21 Operations • Improving Traffic Operations to Create More Predictable Travel Times • Saving Lives through Quicker and More Coordinated Crash Clearance • New Resource to Support Smarter and More Efficient Operations 22 Transportation and the Environment • Improving Environmental and Transportation Outcomes 23 Utilities and Railroads • Improving Coordination Where Highways and Railroads Intersect

14 Photo courtesy VDOT

• Managing Utility Issues to Speed Projects

24 | New SHRP2 Data May Lead to New Solutions to Reduce Crashes and Improve Highway Safety 25 | What’s Ahead: SHRP2 in the Future 26 | Important SHRP2 Online Resources for Transportation Agencies 27 | SHRP2 Solutions in Round 7 of the Implementation Assistance Program

SHRP2 Moving Us Forward


Partners in Innovation Tools for the Road Ahead


s President of AASHTO, one of my goals is to ensure that the organization is well positioned to serve its membership for years to come. This means laying a solid foundation today for the kinds of transportation infrastructure Americans will use in the future. One way to achieve this goal is to make sure that our state departments of transportation have the tools they need now to face the many challenges ahead. Thanks to the second Strategic Highway Research Program (SHRP2), AASHTO and its partner, the Federal Highway Administration, are bringing innovative approaches and technologies to transportation agencies across the country through targeted technical assistance and funding. I am pleased that my home state of Iowa is already benefiting from many SHRP2 innovations.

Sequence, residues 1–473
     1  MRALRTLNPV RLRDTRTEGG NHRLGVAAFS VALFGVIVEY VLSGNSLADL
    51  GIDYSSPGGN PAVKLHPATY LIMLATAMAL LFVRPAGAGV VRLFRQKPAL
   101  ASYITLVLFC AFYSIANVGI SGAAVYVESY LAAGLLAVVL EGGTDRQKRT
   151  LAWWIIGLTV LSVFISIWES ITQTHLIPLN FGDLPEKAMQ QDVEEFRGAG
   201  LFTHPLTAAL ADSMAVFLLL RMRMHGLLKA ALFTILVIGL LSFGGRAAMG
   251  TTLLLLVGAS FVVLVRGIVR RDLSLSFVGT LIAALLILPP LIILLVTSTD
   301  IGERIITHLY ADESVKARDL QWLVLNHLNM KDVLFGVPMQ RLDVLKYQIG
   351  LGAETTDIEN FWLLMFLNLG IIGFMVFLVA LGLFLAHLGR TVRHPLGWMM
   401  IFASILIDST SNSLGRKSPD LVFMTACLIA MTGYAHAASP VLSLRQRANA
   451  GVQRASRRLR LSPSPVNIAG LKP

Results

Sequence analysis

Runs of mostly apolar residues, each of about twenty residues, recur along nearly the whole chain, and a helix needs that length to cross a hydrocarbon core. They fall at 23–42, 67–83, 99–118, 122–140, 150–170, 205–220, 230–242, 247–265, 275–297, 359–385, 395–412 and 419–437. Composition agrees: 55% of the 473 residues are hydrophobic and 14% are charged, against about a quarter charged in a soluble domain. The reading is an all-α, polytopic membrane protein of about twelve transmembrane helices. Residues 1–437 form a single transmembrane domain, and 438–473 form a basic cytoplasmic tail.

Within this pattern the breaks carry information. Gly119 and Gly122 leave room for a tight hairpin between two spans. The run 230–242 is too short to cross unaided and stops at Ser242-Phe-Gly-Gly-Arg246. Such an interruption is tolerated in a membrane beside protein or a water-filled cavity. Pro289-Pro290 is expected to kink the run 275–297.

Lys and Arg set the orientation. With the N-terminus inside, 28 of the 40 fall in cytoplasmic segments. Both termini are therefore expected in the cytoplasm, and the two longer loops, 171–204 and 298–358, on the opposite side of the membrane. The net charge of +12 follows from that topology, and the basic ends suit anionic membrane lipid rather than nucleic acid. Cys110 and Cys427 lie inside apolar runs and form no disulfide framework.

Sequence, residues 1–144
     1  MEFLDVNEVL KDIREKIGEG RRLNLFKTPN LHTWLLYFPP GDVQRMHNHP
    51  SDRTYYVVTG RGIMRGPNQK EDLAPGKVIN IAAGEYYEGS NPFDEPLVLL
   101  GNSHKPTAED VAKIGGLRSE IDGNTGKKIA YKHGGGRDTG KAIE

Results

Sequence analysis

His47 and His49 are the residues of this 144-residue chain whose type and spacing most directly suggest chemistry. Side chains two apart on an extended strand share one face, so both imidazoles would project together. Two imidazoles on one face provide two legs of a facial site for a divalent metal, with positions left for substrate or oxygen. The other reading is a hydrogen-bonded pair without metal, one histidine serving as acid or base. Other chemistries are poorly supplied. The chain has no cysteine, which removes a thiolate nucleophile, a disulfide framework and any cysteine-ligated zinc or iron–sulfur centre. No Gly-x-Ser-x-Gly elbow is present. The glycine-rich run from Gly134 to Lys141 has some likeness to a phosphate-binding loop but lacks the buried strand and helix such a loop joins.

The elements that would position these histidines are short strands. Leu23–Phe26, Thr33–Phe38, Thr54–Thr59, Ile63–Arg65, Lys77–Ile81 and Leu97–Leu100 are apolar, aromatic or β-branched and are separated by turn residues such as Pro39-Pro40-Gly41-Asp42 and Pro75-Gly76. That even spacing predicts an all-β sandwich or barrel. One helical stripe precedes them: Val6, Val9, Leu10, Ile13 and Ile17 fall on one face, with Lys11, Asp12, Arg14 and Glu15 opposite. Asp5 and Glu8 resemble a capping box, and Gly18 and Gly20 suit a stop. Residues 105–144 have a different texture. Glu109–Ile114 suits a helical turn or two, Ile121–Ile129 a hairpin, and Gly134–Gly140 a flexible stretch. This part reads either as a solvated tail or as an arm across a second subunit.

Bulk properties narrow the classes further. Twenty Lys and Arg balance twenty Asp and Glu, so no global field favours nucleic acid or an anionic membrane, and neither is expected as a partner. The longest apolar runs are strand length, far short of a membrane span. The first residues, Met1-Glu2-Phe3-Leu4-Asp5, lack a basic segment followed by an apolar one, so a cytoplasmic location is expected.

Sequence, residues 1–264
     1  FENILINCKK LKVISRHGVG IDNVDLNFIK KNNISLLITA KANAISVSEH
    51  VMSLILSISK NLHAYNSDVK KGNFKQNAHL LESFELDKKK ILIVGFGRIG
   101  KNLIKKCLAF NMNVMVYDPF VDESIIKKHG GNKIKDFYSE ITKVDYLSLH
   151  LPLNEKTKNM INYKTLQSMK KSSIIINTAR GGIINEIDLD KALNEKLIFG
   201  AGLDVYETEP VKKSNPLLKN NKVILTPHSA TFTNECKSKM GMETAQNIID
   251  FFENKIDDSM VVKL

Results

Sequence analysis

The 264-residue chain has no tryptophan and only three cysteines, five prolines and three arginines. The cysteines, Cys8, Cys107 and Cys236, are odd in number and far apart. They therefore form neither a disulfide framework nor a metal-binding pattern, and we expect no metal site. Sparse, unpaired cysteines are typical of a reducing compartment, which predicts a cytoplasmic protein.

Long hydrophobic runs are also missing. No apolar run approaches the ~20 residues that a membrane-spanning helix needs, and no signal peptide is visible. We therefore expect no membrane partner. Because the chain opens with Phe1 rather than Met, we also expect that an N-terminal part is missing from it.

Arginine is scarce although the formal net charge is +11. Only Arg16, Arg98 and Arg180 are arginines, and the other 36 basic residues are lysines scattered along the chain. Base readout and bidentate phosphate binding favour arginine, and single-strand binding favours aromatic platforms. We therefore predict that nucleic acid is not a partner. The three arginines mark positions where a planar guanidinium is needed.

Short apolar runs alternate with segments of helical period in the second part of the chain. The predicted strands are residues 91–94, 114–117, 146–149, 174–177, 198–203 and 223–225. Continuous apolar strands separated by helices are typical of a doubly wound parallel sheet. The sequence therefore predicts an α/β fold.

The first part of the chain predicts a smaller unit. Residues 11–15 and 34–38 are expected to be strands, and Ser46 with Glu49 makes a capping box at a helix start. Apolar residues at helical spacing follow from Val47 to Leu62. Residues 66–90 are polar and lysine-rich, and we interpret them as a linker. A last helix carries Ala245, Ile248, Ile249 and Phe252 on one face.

Currently, the Iowa Department of Transportation is deploying seven SHRP2 products that will help us make our roads safer; better manage utilities during construction; repair our bridges in a more cost-effective manner; improve travel-time reliability; and reduce congestion. As you review this SHRP2 report, I hope you will see how significant the SHRP2 program has been to date. The four products highlighted are a testament to how SHRP2 is changing cultures within the transportation field and beyond, and are helping us save lives, save money, and save time. As we enter the fourth year of SHRP2 implementation, my hope is that every state transportation agency finds ways to leverage the valuable tools available under the SHRP2 program.

Paul Trombino III President, AASHTO Director, Iowa Department of Transportation


SHRP2 Moving Us Forward

Building an Innovation Culture